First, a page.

Longtime KTVU anchor Frank Somerville, who's been off the air since being suspended by management in September over a disagreement about the coverage of the Gabby Petito case, is speaking out and telling the press that he doesn't expect he'll be back at the station — and also, no one from the station or Fox has even bothered contacting him.
Somerville spoke this morning to local media hound Rich Lieberman — who said Somerville was speaking to him exclusively but very quickly Somerville gave quotes to the Mercury News and the Chronicle — saying that he's all but certain he won't ever be at the anchor desk again at KTVU.
"No one at the station — Fox/KTVU — has contacted me. So, I'm assuming I've done my last newscast," Somerville said. He noted that his contract is up in January, so it seems like the management is just waiting that out.
What Somerville did that was so wrong is less clear. Earlier this year, Somerville disappeared from the air without explanation after a fairly strange Memorial Day Weekend broadcast in which he was slurring words and seemed unable to read the teleprompter. Somerville later excused that saying he had mistakenly taken an Ambien before going on the air.
But he wouldn't be back on the air until August, and then within weeks, this controversy erupted behind the scenes about the Petito case. Somerville, who has a mixed-race daughter, wanted to make a statement at the end of a segment regarding "missing white woman syndrome," a term coined by the late Gwen Ifill about American media's obsession with the disappearance of young, pretty Caucasian women, when very little national attention is given to the thousands of people of color who go missing every year.
Reportedly, Somerville butted heads with KTVU News Director Amber Eikel over the addition of this "tag" that Somerville wanted to say on air, with Eikel saying that the topic deserved separate coverage at a later date. But a shortened version of the tag made it into the script for that evening's broadcast, which allegedly prompted Somerville's suspension for insubordination.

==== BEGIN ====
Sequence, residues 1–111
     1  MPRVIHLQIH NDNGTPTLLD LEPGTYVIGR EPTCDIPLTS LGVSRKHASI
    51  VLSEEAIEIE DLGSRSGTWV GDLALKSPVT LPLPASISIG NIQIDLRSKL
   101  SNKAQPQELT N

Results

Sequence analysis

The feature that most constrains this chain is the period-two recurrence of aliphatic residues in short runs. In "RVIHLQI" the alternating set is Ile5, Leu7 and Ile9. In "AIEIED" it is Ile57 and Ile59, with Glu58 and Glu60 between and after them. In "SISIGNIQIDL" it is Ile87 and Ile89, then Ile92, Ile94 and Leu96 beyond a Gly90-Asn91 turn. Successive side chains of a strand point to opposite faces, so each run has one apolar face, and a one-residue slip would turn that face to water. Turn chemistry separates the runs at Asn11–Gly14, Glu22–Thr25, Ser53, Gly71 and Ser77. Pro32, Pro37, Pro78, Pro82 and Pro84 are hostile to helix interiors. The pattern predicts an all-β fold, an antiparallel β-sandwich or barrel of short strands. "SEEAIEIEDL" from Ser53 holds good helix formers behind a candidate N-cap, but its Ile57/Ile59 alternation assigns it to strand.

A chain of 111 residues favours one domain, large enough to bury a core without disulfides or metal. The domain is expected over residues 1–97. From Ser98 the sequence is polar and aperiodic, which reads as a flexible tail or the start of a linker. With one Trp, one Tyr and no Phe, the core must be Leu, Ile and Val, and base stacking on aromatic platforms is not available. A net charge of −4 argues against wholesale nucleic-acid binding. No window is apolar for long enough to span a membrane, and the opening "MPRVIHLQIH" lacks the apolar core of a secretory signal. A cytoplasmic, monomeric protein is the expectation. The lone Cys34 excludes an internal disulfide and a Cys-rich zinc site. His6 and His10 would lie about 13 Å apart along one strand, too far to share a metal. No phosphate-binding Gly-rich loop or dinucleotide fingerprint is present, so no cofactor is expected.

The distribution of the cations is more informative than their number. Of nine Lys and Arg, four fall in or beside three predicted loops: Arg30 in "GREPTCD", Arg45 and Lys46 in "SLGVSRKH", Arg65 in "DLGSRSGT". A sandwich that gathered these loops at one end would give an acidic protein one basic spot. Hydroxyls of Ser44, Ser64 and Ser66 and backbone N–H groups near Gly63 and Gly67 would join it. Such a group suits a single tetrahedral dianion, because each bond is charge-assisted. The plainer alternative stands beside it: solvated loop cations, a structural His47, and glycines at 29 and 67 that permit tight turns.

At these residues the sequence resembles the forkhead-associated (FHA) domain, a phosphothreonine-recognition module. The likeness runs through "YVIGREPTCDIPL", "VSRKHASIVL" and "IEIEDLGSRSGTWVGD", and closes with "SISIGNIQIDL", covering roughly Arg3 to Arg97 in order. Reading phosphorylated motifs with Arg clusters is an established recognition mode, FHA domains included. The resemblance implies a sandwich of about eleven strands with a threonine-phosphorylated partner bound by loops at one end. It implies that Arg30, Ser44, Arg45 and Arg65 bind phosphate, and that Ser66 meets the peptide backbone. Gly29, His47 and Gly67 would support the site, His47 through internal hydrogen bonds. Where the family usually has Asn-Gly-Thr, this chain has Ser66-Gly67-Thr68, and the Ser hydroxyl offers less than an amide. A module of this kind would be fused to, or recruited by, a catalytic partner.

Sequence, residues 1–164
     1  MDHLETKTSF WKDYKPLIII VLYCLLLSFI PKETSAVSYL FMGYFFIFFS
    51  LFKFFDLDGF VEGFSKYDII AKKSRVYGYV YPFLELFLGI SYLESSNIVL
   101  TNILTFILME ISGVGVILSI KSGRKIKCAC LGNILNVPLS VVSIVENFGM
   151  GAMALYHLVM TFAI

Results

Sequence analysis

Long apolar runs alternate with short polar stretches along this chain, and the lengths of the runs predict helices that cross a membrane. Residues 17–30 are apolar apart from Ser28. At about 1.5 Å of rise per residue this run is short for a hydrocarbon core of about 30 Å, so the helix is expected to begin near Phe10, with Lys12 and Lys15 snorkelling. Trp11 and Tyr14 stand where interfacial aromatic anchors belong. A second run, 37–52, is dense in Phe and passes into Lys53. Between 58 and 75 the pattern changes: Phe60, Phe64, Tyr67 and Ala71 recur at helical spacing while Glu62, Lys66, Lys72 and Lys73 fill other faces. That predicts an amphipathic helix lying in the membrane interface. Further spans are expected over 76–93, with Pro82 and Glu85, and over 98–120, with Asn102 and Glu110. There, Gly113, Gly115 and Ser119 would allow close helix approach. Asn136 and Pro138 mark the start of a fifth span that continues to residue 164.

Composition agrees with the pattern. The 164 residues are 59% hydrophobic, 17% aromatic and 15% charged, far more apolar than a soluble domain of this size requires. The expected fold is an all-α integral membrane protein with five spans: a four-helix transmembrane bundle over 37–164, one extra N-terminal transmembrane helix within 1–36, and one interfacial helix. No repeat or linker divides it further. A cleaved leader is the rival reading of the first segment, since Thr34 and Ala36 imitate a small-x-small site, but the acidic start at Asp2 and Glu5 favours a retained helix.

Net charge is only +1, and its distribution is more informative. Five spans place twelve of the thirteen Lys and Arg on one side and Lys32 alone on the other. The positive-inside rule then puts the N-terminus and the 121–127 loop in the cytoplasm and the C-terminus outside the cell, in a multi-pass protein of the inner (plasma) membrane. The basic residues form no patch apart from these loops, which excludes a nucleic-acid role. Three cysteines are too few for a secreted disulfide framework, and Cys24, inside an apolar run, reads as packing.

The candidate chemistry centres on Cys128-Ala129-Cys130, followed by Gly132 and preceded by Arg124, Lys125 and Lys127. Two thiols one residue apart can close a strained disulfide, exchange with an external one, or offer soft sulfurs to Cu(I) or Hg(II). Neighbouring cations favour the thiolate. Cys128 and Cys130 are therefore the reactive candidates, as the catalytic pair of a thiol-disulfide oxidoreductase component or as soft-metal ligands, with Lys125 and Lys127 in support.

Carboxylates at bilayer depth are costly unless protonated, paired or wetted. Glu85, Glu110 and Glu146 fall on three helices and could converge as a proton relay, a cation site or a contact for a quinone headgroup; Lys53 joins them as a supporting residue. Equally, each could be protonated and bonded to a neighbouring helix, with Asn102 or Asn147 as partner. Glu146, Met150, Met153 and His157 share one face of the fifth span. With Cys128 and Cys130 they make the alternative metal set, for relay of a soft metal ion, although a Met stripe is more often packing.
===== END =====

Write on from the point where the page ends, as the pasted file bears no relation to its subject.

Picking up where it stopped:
Following the suspension and subsequent social media attention, two rallies were held in support of Somerville outside KTVU headquarters in Oakland. These rallies were followed by the City of San Leandro issuing an official proclamation honoring Somerville "for speaking out about missing women of color and setting an example of strength and equity to our community and those worldwide."
Now, though, Somerville appears to be putting it out there that he's looking for a job.
"I still want to continue working,” Somerville tells the Mercury News. “I would love to work at one of the other stations in the market. If not, I’ll go to other stations outside of the market."
He adds, "It makes me really sad, because I’ve given 31 years to the station. I helped make ‘Mornings on 2’ the No. 1 newscast in the market. I also helped make the noon and 5 p.m. newscasts No. 1."
"My guess is that I’m not coming back to Channel 2,” Somerville tells the Chronicle. “That’s just a guess. But I have no reason to think otherwise."
Neither Fox nor KTVU has made any official statement on the matter.
In related news, CNN is reckoning with its Petito coverage and just took up a local missing-persons case involving Arianna Fitts, a Bay Area girl who is black, and who went missing in 2016 at the age of 2. She'd now be 8 years old, and her case got little national attention at the time and she remains unaccounted for.